As has been demonstrated above, it will be appreciated that by using only the particulate negative electrode active material made of an intermetallic compound represented as SnXM1-X, where 1>X≧0.5 and M is Co, a negative electrode with low plate resistance can be achieved, and as a result, the high rate discharge capability of the battery that uses the just-mentioned negative electrode can be improved.

The plate resistances of the comparative negative electrodes z3 to z5 and z7 were approximately the same as those of the negative electrodes a1 and a2 of the invention, or slightly higher.

Experiment 3

Samples of Batteries A1 and A2 of the invention, as well as Comparative Batteries Z2 to Z6 were disassembled in their charged state and in their discharged state, and the thicknesses of the negative electrode mixture layers were measured, to determine the expansion ratio defined by the following equation (2). The results are shown in Table 4 below. The thickness of each of the negative electrode mixture layers was calculated by subtracting the thickness of the negative electrode current collector (35 μm) from the total thickness of the negative electrode as measured with a micrometer. In addition, Table 4 also shows the thicknesses of the negative electrode active material layers after the 5th cycle discharge for reference.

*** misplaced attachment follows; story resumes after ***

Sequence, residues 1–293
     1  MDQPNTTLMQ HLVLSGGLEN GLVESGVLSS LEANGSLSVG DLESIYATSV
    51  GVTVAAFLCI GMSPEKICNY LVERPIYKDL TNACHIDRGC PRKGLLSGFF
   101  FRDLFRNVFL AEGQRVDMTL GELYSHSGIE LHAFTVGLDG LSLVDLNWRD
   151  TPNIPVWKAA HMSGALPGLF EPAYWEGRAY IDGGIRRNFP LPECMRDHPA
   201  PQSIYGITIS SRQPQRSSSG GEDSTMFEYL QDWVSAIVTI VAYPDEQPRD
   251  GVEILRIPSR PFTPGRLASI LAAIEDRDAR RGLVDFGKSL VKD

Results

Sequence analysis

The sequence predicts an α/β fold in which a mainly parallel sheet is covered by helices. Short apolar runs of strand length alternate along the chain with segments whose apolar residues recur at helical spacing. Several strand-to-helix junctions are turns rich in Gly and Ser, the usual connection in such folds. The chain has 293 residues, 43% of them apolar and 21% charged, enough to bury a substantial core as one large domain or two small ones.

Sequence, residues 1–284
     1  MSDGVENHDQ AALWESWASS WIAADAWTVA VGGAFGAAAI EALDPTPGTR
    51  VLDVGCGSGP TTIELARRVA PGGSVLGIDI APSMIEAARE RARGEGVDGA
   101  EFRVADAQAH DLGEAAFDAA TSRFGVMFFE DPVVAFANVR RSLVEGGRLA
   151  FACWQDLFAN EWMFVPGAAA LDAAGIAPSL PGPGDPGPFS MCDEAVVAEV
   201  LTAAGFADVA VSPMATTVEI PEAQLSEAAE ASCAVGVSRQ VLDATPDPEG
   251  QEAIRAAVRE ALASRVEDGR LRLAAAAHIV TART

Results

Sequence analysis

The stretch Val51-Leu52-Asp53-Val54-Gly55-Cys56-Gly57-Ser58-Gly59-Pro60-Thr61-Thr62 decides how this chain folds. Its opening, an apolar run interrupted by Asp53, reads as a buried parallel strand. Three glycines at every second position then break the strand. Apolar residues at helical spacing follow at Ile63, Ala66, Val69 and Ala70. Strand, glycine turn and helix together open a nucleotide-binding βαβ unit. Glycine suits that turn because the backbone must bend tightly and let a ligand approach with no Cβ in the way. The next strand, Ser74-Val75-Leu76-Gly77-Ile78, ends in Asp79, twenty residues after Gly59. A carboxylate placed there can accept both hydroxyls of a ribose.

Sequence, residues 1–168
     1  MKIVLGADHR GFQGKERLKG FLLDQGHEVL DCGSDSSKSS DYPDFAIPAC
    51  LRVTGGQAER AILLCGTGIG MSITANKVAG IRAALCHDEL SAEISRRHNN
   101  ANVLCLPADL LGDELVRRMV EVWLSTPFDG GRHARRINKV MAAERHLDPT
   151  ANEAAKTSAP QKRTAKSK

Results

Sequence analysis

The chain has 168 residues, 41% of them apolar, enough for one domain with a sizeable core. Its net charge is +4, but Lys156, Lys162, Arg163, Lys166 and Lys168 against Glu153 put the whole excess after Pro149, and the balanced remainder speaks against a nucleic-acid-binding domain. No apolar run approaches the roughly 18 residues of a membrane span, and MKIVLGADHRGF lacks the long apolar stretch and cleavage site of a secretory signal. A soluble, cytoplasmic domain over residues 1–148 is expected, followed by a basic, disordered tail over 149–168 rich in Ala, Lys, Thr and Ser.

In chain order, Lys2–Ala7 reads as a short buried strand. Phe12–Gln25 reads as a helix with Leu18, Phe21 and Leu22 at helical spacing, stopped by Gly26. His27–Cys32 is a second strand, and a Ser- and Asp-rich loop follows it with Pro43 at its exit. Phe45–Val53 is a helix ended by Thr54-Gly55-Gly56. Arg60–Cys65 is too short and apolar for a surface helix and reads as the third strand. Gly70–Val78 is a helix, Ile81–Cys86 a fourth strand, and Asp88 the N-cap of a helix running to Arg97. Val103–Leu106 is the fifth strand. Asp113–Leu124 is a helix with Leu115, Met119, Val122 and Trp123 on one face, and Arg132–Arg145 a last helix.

Expansion ratio=Thickness of the negative electrode active material layer after 6 cycles of charging/Thickness of the negative electrode active material layer before charging Eq. (2)

TABLE 4
Thickness of activeThickness of active
Thickness of activematerial layer aftermaterial layer after
NegativeActiveHeatmaterial layer beforedischarge at the 5thcharge at the 6thExpansion
Batteryelectrodematerialtreatmentcharge and dischargecyclecycleratio
A1a1CoSn2 +Yes6 μm16 μm28 μm4.67
CoSn
A2a2CoSn2Yes6 μm26 μm28 μm4.67
Z2z2SiYes4 μm18 μm20 μm5.00
Z3z3CoSn2 +No6 μm26 μm34 μm5.67
CoSn
Z4z4CoSn2No6 μm39 μm47 μm7.83
Z5z5SiNo8 μm53 μm58 μm7.25
Z6z6CNo4 μm16 μm30 μm7.50

As clearly seen from Table 4, all the comparative negative electrodes z2 to z6 showed electrode plate expansion ratios of 5.0 or greater, whereas the negative electrodes a1 and a2 of the invention exhibited electrode plate expansion ratio of less than 5.0. Thus, it is believed due to the fact the negative electrodes a1 and a2 of the invention were capable of lessening the expansion of the negative electrode active material layer that they exhibited good charge-discharge cycle performance as shown in the foregoing Experiment 1. The reason why the negative electrodes a1 and a2 of the invention were capable of lessening the expansion of the negative electrode active material layer is that performing the heat treatment served to increase the binding strength within the negative electrode active material layer.

Other Embodiments

(1) Variations of the Negative Electrode